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            This is fantastic James! You definitely deserve an 'atta boy' from HREG.
            We'll reward you by electing you secretary/treasurer at the next meeting (A
            little selfish on our part, I know).

            Q: When you say "Based on the strict current limited requirements of that
            small internal battery", do you mean that a normal charge controller set on
            either sealed or flooded would allow the voltage to go too high or low?

            -----Original Message-----
            From: James Ferrill [mailto:jferrill@...]
            Sent: Friday, May 12, 2000 3:14 PM
            To: hreg@egroups.com
            Subject: Re: [hreg] Workshops and threads


            Chuck Wright wrote:

            > James Ferrill wrote:
            >
            > > That's how my solar lawn equipment project got started. I needed to make
            better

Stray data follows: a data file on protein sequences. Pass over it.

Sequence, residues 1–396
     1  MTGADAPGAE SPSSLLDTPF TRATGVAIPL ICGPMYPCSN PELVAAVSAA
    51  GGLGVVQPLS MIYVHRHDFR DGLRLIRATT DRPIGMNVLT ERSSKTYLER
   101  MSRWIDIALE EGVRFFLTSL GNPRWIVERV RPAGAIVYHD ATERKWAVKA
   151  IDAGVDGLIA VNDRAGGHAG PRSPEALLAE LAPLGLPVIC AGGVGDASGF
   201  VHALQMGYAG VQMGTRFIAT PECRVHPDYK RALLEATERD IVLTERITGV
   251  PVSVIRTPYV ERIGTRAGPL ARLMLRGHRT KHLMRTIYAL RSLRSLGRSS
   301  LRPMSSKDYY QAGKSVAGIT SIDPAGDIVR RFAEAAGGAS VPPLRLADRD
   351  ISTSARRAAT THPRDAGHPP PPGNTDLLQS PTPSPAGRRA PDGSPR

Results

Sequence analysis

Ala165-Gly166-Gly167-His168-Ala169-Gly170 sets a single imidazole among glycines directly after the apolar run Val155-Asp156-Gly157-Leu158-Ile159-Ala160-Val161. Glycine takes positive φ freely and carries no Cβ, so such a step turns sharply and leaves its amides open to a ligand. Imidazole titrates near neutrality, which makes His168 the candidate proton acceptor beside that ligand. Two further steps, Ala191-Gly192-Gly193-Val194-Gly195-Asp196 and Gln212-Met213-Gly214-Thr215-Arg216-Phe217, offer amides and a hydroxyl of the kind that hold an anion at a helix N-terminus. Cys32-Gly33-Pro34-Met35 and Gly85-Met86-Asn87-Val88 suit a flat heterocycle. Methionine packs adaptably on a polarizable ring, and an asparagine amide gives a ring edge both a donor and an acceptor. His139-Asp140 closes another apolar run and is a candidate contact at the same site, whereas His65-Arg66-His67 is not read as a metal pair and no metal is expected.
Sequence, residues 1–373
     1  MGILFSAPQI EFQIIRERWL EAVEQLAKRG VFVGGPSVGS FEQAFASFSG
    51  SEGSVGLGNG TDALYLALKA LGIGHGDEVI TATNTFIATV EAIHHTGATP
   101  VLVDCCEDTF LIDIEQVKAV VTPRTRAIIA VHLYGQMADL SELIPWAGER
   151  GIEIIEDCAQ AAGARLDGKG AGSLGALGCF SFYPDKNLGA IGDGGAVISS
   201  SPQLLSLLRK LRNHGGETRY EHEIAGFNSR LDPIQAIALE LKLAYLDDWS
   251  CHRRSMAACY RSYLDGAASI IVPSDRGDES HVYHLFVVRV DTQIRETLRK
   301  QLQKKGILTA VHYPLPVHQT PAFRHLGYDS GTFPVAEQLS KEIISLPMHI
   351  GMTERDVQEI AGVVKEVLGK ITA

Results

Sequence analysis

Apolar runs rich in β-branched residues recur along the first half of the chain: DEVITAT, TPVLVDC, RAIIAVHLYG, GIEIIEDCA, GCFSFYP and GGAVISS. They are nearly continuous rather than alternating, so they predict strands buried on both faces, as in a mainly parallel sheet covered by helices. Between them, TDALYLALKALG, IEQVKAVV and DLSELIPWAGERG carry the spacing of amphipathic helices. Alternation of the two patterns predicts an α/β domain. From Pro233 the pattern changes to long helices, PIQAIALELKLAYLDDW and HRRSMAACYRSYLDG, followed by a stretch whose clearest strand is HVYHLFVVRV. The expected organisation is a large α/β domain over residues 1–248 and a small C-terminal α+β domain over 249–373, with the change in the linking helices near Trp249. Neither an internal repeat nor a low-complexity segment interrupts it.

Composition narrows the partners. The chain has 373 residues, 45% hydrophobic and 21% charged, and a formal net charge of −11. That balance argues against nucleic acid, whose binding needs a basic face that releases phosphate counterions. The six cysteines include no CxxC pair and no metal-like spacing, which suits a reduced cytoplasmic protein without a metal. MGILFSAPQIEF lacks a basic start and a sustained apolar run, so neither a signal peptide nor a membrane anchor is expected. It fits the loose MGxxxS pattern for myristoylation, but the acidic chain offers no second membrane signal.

> choices, and invent them if necessary.
            >
            > Nice to have this interaction going on! Tell us more about your
            > solar lawn equipment project...
            >
            > Chuck Wright

            Hey Chuck,

            What I have observed is that although solar technology has advanced, no one
            other than a
            few interested people have actually made use of solar energy in a practical
            way. If I
            went to my neighbors and poured my guts out all day about why they should be
            doing more
            with solar, the conversations would always end up focused around 2
            questions, "How much
            will it cost?" and "Where do I get the stuff?". This is where the equation
            always breaks